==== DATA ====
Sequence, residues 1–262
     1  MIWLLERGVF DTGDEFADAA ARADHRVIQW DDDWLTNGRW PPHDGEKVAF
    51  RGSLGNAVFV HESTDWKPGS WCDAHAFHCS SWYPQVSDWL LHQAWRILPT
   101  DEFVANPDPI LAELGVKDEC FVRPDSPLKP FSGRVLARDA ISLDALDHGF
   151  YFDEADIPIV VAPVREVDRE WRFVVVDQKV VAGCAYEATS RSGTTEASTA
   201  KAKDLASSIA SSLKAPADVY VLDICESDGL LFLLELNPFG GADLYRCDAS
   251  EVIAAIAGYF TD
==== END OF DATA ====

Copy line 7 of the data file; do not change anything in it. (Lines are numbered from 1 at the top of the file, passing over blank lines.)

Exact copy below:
   251  EVIAAIAGYF TD